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A top-down control method of nZEBs for performance optimization at nZEB-cluster-level

Author:
Huang, Pei, Wu, Hunjun, Huang, Gongsheng, Sun, Yongjun
Source:
Energy 2018 v.159 pp. 891-904
ISSN:
0360-5442
Subject:
algorithms, batteries, buildings, control methods, economic costs, energy, imports, renewable energy sources
Abstract:
Nearly zero energy buildings (NZEBs) are considered as a promising solution to the mitigation of the energy problems. A proper control of the energy system operation of the nZEB cluster is essential for improving load matching, reducing grid interaction and reducing energy bills. Existing studies have developed many demand response control methods to adjust the operation of energy systems to improve performances. Most of these studies focus on optimizing performances at individual-nZEB-level while neglecting collaborations (e.g. energy sharing and battery sharing) between nZEBs. Only a few studies consider the collaborations and optimize the system operation at nZEB-cluster-level, yet they cannot take full advantage of nZEB collaborations as optimization is conducted in a bottom-up manner lacking global coordination. This paper, therefore, proposes a top-down control method of nZEBs for optimizing performances at the cluster level. The top-down control method first considers the nZEB cluster as ‘one’ and optimizes its energy system operation using the genetic algorithm (GA), and then it coordinates the operation of every single nZEB inside the cluster using non-linear programming (NLP). The top-down control enables collaborations among nZEBs by coordinating single nZEB's operations. Such collaborations can bring significant performance improvements in different aspects. For instance, in aspect of economic cost, the collaborations can reduce the high-priced energy imports from the grid by sharing the surplus renewable energy with nZEBs which have insufficient energy generations. The proposed top-down control has been compared with a traditional non-collaborative control. The study results show that the top-down control is effective in improving performances at cluster level.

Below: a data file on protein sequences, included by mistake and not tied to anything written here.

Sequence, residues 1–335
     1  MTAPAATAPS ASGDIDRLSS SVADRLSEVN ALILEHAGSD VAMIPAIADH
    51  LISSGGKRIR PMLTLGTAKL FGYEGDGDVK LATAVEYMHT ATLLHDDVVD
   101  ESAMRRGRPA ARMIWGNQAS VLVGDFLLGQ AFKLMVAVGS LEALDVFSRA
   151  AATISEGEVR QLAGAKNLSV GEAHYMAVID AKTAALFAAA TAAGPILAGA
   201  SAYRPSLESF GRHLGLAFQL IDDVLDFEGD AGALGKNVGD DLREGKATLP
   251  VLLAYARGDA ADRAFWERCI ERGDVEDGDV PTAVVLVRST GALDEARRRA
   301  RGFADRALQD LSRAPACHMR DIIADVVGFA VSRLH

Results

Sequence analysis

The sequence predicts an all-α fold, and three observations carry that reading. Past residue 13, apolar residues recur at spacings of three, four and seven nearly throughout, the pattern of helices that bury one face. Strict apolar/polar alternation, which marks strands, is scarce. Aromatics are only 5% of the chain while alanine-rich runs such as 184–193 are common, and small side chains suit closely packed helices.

Agid:
6053796